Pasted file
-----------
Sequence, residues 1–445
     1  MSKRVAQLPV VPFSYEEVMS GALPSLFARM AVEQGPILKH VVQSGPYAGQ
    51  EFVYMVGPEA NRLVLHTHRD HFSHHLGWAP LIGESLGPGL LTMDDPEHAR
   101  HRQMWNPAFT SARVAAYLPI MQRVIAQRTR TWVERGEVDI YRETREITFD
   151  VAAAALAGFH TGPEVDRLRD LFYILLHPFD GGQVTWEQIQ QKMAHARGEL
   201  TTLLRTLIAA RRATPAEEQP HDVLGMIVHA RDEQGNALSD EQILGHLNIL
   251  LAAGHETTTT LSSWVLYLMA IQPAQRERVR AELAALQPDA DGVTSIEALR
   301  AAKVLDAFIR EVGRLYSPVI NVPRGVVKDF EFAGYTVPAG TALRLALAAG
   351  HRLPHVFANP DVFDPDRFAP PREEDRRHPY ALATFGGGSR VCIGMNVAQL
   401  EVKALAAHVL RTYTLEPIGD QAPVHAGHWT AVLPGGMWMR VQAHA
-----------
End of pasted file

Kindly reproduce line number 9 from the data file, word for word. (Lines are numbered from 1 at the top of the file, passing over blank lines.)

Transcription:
   351  HRLPHVFANP DVFDPDRFAP PREEDRRHPY ALATFGGGSR VCIGMNVAQL